Smartphone users in India won't be able to switch on or charge their Samsung Galaxy Note 7 on-board flights, confirmed Indian aviation authorities.
Samsung launched and released the Galaxy Note 7 in August this year. The phablet was expected to attract many customers — it did, but the recent battery explosion issues have resulted in the company recalling the newly released and highly popular phablet.
The U.S. Federal Aviation Administration (FAA) has issued a warning to airline passengers asking them not to use the Galaxy Note 7 on planes.
A number of Australian airline operators including Qantas, Jetstar and Virgin Australia has restricted the use or charging of the Galaxy Note 7 on their flights.
Now, the Directorate General of Civil Aviation (DGCA) in India has also banned passengers from using or charging the Galaxy Note 7 on Indian flights.
"In light of the recent incidents involving battery incidents with Samsung about its Galaxy Note 7 devices globally, traveling public and airlines are advised not to switch on these mobiles during the flight or stow them in any checked in baggage," reads a DGCA order.
The Indian aviation regulator has clarified that passengers can carry a Galaxy Note 7 in flights. However, they are not allowed to switch it on or connect it to the flight entertainment system.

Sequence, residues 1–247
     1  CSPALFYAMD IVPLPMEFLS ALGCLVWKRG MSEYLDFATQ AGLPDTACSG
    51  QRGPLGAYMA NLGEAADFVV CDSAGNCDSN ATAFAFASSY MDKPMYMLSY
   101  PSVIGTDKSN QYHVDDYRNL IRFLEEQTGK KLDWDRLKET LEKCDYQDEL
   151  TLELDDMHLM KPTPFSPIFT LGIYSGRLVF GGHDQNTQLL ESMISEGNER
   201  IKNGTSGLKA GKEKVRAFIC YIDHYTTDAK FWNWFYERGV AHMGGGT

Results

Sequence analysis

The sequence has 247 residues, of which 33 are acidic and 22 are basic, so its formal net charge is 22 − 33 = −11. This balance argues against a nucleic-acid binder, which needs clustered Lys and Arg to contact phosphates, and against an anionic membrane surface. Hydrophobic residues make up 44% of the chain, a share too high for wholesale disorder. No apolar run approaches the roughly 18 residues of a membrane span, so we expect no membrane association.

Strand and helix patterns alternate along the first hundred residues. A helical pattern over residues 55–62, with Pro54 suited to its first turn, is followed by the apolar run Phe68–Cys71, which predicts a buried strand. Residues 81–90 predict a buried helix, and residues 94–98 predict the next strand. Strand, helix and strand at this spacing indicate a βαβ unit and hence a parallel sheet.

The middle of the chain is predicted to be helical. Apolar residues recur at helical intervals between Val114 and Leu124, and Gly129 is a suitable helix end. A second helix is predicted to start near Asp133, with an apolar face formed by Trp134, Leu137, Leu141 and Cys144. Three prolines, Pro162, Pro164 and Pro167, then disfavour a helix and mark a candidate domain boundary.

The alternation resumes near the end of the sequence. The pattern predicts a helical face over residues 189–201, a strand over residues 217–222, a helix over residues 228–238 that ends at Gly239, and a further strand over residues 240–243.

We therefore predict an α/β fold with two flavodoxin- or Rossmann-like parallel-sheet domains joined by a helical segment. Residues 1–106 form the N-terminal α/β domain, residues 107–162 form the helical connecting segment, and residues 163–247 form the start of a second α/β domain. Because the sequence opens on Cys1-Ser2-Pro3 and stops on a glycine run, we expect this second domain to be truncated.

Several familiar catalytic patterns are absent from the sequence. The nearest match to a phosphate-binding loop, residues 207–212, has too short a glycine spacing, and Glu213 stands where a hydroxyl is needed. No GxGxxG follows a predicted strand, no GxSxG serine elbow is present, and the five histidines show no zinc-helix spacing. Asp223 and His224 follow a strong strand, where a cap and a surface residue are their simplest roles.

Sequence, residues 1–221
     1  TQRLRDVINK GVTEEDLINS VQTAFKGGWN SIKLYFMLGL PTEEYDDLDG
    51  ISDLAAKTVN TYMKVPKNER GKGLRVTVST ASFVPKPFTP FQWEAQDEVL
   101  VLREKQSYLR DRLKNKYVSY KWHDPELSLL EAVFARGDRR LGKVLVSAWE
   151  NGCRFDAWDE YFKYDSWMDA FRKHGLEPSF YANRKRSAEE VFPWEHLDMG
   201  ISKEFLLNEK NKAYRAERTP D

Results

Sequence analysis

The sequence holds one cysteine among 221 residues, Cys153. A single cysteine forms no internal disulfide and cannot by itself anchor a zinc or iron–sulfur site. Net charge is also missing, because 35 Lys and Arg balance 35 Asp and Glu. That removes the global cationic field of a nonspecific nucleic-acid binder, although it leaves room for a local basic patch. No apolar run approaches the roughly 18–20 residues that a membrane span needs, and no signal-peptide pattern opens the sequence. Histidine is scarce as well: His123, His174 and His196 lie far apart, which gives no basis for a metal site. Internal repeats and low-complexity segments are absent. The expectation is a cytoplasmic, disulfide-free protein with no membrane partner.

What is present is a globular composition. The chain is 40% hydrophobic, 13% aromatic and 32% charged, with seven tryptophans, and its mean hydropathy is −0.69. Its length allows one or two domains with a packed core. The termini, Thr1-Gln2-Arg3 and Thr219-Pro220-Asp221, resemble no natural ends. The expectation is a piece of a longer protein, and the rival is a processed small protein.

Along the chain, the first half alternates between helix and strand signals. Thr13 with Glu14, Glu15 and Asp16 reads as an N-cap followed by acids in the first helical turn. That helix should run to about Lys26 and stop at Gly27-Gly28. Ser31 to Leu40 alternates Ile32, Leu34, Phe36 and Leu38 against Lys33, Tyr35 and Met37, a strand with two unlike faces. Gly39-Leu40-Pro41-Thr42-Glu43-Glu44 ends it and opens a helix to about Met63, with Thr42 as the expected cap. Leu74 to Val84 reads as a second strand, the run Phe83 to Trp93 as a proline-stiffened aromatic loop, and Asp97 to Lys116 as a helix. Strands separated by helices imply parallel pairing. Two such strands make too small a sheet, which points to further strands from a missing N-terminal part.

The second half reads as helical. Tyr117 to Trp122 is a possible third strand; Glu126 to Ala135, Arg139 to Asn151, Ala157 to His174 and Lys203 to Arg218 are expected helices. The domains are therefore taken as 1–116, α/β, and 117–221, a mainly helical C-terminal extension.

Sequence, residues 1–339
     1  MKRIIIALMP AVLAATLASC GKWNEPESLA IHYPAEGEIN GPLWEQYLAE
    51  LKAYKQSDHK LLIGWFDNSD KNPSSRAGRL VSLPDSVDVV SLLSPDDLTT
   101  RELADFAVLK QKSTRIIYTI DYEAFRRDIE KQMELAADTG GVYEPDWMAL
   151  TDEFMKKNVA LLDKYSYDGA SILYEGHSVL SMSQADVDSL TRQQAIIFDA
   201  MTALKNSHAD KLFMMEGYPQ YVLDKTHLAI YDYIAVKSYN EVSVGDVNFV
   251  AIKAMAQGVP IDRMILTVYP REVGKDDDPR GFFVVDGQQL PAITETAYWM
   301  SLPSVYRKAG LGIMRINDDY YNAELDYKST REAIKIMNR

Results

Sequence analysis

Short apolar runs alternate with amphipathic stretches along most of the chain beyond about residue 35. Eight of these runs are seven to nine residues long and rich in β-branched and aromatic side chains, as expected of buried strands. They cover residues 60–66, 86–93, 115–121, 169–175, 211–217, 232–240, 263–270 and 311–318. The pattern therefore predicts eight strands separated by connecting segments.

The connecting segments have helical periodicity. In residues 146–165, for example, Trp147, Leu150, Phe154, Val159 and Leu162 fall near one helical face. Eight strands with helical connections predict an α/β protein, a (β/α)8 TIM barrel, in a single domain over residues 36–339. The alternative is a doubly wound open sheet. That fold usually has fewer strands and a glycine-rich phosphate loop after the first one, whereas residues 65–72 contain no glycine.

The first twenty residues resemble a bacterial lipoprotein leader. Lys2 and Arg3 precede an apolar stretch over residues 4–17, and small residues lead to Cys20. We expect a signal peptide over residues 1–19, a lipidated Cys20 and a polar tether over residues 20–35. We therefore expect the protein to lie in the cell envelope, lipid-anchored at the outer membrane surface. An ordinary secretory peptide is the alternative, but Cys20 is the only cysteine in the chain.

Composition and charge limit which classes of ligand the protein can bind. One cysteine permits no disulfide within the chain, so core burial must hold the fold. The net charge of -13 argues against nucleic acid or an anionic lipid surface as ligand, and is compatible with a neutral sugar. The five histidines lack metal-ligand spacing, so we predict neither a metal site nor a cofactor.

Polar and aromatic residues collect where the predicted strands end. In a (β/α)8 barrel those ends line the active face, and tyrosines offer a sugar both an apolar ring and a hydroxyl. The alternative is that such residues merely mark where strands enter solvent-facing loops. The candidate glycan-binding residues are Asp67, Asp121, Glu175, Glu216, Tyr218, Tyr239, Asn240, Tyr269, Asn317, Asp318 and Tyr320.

In India, customers have the option to use their mobile phones in "flight mode," which allows users to take advantage of various features such as listening to music, playing games and more. However, making calls and connecting to the internet are not possible in the flight mode. Regulations ban the use of mobile phones, even in flight mode, during taxiing, take-off and landing.
The latest bans prohibit users to use the Galaxy Note 7 even in flight mode.
It is common for airline operators and regulators to ban passengers from carrying potentially hazardous substances on board. However, this is the first instance where regulators have banned the use of a specific model of a mobile brand to be used on flights.
Previous reports suggest that the entire battery explosion issue of the Galaxy Note 7 and its subsequent recall may have cost Samsung about $1 billion.
People who have already received their Galaxy Note 7 can still get a replacement. However, many customers who have placed an order and have been waiting for the handset to arrive are left disappointed.
In India, Samsung will be compensating such customers with a free Gear VR, which is worth about $110 in the country, along with the Galaxy Note 7.
It remains to be seen how swift Samsung can replace the faulty Galaxy Note 7 and convince aviation authorities across the world that the phablet is safe to be used on flights.